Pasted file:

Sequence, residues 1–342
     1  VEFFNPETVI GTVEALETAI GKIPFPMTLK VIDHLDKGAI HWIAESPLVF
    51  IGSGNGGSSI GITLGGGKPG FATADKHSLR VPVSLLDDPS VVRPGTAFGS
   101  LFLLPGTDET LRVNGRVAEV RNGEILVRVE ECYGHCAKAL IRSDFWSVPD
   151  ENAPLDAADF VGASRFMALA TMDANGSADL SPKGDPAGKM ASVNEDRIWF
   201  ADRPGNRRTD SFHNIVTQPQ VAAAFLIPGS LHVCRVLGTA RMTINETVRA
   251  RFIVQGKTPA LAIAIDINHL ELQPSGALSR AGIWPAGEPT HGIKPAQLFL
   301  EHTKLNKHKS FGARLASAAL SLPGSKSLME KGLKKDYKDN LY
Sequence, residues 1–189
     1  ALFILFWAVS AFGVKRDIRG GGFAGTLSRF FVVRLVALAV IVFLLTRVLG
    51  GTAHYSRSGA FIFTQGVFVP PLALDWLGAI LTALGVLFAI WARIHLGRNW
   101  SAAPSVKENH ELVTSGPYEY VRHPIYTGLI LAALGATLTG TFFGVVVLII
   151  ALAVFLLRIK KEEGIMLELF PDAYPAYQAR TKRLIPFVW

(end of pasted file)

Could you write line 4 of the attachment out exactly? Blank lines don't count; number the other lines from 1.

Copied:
   101  LFLLPGTDET LRVNGRVAEV RNGEILVRVE ECYGHCAKAL IRSDFWSVPD